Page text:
In Classical Focus, Theodore Bell selects highlights from Jim Eninger’s Clickable Chamber Music Newsletter. Here are his top picks:
This week forces us to make hard choices! Two outstanding guitar recitals are competing to be heard Thursday night, Oct. 8, both on the Westside. It’s too bad that you’ll have to choose one or the other, and both of them should be great: French classicist Roland Dyens in Playa del Rey and flamenco master Paco Peña in Westwood. If the Thursday flamenco guitar concert is not spicy enough for you, perhaps you should seek the “other string” a la the Calder String Quartet coming up on Tuesday evening. They team with extraordinary pianist Gloria Cheng at Zipper Concert Hall downtown at the Colburn School presenting an outstanding program of modern music that includes two world premieres. Just across the street at the same time on Tuesday, the Los Angeles Philharmonic Colburn Celebrity Series presents another internationally acclaimed pianist, Murray Perahia, enchanting us at Disney Hall with a less modern offering of fine classic repertoire.
Trilogy Guitars presents French-born classical guitarist Roland Dyens, who has been described by Le Monde de Musique as “L’un des plus grands guitaristes vivant.” Tim Painting of Classical Guitar described him as “one of the guitar world’s guiding lights,” and he was recognized by the French magazine Guitarist as one of the “100 Best Living Guitarists” in all styles. His new CD recording of Pixinguinha arrangements was just released and will be available at the concert. These recitals usually sell-out, so call ahead for tickets.
Thursday, Oct. 8, 8 p.m.
143 Culver Blvd., Playa del Rey
Tickets: $40 cash at the door. Reservations required.
UCLA Live presents flamenco guitarist Paco Peña, bringing his dancers and show to the Royce Hall stage along with singer Miguel Ortega and percussionist Nacho Lopez. Flamenco’s riches are thoroughly displayed in Peña’s show (and album) “A Compás!” This vibrant exposition of music and dance uncovers the African and Asian roots of the art. The New York Times declared: “Mr. Peña is a virtuoso, capable of dazzling an audience beyond the frets of mortal man. He combines rapid-fire flourishes with a colourist’s sense of shading; this listener cannot recall hearing any guitarist with a more assured mastery of his instrument.” America’s Guitar magazine judged Paco Peña “Best Flamenco Guitarist of the Year” for five consecutive years.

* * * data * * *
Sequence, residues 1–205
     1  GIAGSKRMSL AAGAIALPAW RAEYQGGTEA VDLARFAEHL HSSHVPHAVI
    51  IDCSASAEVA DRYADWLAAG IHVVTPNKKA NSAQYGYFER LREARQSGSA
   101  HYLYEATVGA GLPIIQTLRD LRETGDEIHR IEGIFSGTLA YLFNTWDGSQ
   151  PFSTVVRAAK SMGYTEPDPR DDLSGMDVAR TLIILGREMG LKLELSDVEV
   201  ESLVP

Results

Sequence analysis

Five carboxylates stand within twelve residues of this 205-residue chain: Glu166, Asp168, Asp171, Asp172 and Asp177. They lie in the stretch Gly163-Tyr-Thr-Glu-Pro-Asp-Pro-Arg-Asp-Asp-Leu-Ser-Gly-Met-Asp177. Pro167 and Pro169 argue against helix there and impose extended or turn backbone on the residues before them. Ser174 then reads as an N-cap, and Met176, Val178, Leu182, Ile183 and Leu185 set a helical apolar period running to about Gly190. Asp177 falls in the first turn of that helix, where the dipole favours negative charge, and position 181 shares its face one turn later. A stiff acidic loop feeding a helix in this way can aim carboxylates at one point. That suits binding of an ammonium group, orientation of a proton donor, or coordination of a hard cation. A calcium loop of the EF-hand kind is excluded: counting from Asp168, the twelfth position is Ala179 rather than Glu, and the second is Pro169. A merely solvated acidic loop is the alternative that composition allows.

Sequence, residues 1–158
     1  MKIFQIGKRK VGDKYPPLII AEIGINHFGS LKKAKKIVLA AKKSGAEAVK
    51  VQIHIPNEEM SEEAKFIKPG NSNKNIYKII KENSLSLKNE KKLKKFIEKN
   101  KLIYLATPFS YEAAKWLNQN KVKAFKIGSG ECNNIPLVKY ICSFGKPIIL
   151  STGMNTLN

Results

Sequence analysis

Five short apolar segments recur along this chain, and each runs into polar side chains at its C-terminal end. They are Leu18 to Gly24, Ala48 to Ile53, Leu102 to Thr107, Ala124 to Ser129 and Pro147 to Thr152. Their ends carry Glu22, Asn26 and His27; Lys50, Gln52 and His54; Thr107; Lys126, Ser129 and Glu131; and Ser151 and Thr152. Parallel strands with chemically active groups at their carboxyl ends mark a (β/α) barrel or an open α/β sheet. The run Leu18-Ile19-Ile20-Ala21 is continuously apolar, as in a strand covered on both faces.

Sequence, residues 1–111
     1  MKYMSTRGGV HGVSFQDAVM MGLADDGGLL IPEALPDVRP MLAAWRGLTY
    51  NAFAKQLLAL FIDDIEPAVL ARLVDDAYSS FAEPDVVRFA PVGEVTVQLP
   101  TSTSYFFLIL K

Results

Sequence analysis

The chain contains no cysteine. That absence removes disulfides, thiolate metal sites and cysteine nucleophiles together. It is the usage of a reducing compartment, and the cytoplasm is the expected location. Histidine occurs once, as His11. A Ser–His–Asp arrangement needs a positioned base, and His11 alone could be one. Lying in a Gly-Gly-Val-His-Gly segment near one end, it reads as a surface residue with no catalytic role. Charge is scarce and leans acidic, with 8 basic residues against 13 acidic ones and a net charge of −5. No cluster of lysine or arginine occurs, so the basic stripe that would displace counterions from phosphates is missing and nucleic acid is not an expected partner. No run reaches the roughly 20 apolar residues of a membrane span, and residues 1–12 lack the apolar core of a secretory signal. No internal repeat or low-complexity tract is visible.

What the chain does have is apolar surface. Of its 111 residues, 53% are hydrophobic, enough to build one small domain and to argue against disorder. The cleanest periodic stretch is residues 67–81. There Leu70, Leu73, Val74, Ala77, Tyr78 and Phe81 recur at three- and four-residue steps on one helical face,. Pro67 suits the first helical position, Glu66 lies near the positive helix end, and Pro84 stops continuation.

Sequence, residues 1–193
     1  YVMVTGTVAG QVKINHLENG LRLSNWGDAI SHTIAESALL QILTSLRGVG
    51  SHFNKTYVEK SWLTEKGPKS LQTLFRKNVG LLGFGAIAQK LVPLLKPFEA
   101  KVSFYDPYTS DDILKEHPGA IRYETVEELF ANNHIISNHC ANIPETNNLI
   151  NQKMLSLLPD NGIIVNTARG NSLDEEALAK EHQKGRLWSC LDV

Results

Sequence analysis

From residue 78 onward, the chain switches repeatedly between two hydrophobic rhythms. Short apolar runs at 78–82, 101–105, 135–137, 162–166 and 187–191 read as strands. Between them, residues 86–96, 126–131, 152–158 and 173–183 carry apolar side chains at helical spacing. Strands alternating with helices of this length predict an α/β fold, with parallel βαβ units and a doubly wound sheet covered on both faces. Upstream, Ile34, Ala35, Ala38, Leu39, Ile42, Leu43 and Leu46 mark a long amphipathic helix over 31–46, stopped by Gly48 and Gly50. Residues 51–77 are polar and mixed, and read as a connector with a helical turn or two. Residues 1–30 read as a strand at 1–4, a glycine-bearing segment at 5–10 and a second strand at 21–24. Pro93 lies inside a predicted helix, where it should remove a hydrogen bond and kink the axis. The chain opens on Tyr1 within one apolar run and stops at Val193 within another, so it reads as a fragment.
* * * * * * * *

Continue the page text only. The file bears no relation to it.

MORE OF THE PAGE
Thursday, Oct. 8, 8 p.m.
UCLA Royce Hall
Tickets: $54,$40, $28 / $15 UCLA students
Piano Spheres presents a tribute to its founder Leonard Stein with a Tuesday concert featuring the Calder Quartet and pianist Gloria Cheng. Los Angeles Times music critic Mark Swed described the Calder Quartet as “the American string quartet to watch,” and their extraordinary sound has now found a home in LA. From its origin at USC and the Colburn School, the Calder Quartet has established itself among the world’s leading quartets. During the 2006-07 season, the Calder was the Juilliard School’s Graduate Resident Quartet, and in the 2007-08 season they assumed the role of the first quartet-in-residence with positions as faculty of the Colburn Conservatory. They team with Piano Spheres’ Cheng to present a thoroughly modern program featuring two world premieres. Cheng is recognized as one of today’s finest interpreters of new music and was distinguished recently with a Grammy Award for Best Instrumental Soloist Without Orchestra. The program will feature the premieres of Andrew Waggoner’s “La Folie” (2009), a Piano Spheres commission; and John Harbison’s “Leonard Stein Anagrams” (2009), commissioned by the donors to the Leonard Stein Memorial Fund. Harbison remarked, “It has been a privilege, melancholic and joyful, to make these ‘Leonard Stein Anagrams’ for Piano Spheres, a chance to reflect on a rich 20-year friendship… Leonard Stein was a direct link to Schoenberg, and to all of the performers and composers of the Second Viennese School… At the Token Creek Festival, Leonard was delighted to discover our tradition of making anagrams from names of the summer’s composers and performers. Leonard Stein (and Arnold Schoenberg) yielded nice results. When I began this piece I found, in Leonard’s hand, six of them, based on his name, which he had discovered the old (pre-computer) way, repositioning the letters, crossing out each one he’d used. Naturally I’ve used all six of his ‘finds’ in the piece… These short movements, which are inter-related, use no letter-to-pitch correspondences. They react to the movement titles, assembling fleeting images of Leonard, present and absent.”
Tuesday, Oct. 13, 8 p.m.
Also on Tuesday, the Los Angeles Philharmonic Colburn Celebrity Series brings us internationally acclaimed pianist Murray Perahia performing an interesting program with works by Bach, Beethoven and Schumann as well as multiple selections by Chopin. Perahia is one of the most sought-after pianists of our era, having performed with leading orchestras worldwide. He is the Principal Guest Conductor of the Academy of Saint Martin in the Fields and has generated an extensive discography.
Tuesday, Oct. 13, 8 p.m.